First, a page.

Researchers Are Shedding More Light on Gamers and Violent Video Games

Science & Tech / Discoveries

Researchers Are Shedding More Light on Gamers and Violent Video Games

By: Chris O'Shea

It's no secret that video games are only going to increase in popularity as time goes by. Therefore, the numbers of those who play them — the self designated "gamer" — are also bound to increase. The numbers are already pretty staggering: According to the Entertainment Software Association, a gaming industry agency, in 2012, a whopping 58 percent of Americans claimed to be gamers. The bump in numbers, of course, means more scrutiny of games and gamers. And the more experts learn, the more complex things become for the gamer.

The stereotype of gamers is not a good one. It's an overweight, single guy who lives with his parents. There's also a perception that gamers are generally violent or aggressive people. In the past, many studies have claimed that the reason for this is the level of violence in the games themselves.

In one study of children who played violent video games, researchers at Iowa State University said that playing violent games is basically practice for being violent in life. In fact, Douglas Gentile, an associate professor of psychology and the lead author of the study, said it was no different than learning a musical instrument. "If you practice over and over, you have that knowledge in your head," Gentile told the Journal of Pediatrics and Medicine. "The fact that you haven't played the piano in years doesn't mean you can't still sit down and play something. It's the same with violent games — you practice being vigilant for enemies, practice thinking that it's acceptable to respond aggressively to provocation, and practice becoming desensitized to the consequences of violence."

Another report, by experts at Brock University, studied students in middle school. One group played violent video games, while another played non-violent games. Those who played the violent games showed less understanding of social norms. "Spending too much time within the virtual world of violence may prevent [gamers] from getting involved in different positive social experiences in real life, and in developing a positive sense of what is right and wrong," explained Mirjana Bajovic, the lead author of the study, to Science Daily.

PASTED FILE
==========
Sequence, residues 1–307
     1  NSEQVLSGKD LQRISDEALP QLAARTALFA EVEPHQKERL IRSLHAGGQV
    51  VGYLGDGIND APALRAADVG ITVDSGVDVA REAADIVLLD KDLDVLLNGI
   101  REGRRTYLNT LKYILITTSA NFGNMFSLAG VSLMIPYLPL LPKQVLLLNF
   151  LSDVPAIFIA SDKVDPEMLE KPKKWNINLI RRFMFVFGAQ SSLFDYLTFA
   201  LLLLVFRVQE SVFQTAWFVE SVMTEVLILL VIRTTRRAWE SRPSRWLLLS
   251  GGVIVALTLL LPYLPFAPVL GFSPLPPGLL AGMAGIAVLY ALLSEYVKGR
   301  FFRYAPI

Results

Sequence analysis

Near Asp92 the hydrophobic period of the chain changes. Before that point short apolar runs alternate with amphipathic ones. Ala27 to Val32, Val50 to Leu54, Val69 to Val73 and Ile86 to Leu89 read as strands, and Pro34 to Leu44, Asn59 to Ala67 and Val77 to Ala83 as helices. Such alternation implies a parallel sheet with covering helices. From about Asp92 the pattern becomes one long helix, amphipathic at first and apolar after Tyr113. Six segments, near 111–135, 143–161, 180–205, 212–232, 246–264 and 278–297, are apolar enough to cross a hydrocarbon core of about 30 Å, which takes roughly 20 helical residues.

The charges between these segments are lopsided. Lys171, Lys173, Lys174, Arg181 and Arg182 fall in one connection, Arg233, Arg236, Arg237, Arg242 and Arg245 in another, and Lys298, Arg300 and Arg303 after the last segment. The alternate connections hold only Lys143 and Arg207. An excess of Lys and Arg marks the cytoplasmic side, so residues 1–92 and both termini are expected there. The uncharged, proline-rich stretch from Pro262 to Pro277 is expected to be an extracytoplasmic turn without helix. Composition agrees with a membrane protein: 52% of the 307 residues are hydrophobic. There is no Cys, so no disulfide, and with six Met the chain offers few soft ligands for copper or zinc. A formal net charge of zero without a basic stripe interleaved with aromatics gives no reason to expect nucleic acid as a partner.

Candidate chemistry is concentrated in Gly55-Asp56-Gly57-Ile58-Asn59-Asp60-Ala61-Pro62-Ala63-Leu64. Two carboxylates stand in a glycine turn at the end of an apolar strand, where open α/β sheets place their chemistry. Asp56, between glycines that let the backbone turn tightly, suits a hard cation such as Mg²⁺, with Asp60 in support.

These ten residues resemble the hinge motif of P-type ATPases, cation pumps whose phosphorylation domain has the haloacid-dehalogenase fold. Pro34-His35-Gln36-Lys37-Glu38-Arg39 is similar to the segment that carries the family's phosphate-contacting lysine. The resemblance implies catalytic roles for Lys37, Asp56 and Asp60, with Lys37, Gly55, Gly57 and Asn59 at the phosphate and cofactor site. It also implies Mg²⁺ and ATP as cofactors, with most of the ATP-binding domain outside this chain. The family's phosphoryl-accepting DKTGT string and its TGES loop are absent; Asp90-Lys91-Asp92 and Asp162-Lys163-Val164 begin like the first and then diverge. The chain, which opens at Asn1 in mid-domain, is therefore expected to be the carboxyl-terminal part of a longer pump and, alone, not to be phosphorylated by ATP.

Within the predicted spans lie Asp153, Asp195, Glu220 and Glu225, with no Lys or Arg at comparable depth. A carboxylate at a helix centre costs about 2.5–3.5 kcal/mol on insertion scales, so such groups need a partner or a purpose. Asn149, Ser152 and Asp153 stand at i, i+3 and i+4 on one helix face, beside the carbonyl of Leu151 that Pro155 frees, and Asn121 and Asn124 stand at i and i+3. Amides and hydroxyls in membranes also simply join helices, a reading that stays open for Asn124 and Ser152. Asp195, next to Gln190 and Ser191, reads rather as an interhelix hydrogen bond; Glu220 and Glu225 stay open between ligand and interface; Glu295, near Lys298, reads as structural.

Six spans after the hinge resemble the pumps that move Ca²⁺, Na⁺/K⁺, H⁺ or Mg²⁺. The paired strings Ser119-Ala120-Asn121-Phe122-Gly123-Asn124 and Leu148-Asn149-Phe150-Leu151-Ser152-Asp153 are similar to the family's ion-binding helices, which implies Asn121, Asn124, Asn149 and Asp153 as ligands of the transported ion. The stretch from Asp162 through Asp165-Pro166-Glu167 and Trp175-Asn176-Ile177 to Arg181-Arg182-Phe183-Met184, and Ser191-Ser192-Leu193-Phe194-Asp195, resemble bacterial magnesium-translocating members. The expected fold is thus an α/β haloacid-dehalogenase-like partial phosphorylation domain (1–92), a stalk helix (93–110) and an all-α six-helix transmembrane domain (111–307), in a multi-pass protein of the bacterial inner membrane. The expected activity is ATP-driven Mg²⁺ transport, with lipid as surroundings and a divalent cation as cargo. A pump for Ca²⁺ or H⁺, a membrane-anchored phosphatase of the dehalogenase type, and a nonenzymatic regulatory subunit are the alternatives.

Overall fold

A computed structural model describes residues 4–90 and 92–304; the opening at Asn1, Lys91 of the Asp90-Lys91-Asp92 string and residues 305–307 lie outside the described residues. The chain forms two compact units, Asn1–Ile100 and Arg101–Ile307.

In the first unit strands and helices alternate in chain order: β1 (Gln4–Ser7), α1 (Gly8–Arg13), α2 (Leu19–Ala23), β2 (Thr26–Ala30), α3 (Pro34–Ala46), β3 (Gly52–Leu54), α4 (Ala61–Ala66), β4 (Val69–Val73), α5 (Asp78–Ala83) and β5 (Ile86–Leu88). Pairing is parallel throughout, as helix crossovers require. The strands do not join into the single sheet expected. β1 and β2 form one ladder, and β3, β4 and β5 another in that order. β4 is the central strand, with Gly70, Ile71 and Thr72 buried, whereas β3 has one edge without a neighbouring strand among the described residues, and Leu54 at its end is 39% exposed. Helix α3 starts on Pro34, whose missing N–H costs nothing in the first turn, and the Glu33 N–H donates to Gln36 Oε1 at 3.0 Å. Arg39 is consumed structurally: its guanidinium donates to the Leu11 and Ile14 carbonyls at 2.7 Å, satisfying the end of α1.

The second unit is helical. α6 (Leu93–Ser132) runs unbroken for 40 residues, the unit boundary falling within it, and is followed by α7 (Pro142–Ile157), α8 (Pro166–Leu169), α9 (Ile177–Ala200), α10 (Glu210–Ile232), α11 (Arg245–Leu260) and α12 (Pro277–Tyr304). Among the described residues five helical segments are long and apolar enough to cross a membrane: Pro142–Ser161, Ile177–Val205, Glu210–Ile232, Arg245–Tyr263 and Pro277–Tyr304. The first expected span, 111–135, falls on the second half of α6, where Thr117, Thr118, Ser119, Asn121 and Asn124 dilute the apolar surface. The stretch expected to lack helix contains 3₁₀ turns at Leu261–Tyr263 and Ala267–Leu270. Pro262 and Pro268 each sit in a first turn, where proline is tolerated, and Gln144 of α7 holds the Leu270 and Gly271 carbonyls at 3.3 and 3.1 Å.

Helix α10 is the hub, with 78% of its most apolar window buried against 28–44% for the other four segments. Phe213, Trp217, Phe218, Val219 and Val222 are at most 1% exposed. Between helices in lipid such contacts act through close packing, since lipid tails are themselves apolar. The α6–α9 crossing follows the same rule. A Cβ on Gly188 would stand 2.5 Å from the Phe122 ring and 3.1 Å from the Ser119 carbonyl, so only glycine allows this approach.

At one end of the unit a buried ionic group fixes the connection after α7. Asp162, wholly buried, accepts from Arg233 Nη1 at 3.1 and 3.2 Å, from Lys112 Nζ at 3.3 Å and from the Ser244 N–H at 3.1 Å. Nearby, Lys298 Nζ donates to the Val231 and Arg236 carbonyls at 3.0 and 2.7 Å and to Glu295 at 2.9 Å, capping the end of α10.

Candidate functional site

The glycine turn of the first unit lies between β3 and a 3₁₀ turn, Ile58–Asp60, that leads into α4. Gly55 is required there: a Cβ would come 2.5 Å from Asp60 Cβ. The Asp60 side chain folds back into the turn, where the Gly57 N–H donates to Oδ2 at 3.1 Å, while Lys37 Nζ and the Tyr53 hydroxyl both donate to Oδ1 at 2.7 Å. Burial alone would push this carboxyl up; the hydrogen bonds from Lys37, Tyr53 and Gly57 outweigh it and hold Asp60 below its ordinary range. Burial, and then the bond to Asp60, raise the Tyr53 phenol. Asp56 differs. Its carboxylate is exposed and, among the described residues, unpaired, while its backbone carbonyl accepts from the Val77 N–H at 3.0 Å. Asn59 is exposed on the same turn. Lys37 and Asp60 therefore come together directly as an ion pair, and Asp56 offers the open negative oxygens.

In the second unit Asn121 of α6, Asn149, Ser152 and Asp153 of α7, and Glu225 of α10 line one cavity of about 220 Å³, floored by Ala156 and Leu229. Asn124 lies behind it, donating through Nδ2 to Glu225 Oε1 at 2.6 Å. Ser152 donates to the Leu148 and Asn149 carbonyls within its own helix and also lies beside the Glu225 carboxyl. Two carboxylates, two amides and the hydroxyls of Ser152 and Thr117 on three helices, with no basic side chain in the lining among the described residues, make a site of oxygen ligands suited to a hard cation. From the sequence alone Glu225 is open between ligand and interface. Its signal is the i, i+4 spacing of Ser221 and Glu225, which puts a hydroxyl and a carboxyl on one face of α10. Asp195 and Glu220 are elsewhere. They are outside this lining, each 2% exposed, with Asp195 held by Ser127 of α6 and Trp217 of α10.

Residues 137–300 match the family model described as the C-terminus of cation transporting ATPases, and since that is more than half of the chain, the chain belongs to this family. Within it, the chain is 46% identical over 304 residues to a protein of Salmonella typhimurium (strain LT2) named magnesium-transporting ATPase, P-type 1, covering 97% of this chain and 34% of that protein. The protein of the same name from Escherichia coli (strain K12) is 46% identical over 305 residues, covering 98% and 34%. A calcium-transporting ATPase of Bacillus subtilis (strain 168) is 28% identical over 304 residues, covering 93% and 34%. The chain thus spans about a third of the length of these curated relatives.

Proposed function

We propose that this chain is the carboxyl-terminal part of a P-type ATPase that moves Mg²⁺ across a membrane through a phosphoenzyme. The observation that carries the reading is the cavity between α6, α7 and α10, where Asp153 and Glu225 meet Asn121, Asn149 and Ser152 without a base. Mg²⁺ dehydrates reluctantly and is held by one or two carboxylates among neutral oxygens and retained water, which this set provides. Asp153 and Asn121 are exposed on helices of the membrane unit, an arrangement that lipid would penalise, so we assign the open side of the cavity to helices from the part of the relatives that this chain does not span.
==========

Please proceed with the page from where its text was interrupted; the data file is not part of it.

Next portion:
There's plenty more studies linking violent content with gamer aggression, but those have missed what's really happening — gamers are simply unable to properly deal with losing. Researchers at the University of Rochester analyzed 600 college students and their reactions to playing violent video games. What they found was that it wasn't the content, it was gaming itself that led to aggression. It didn't matter if the game was violent or not, if the gamers had a difficult time beating the game, they were more likely to exhibit aggressive behavior afterward.

The Rochester study doesn't do much to help the negative stereotype of the gamer. Instead of saying that they need to stop playing games like Call of Duty because it makes them angry, research now says they need to stop playing games like Tetris because they're sore losers. But what the study does do is cast more light on a growing subgroup in America, and forces people to think about them and violent video games in different terms. It's not a giant leap forward for gamers or the games, but it's at least a step or two.

[Image via Flickr - Landon Hollis]

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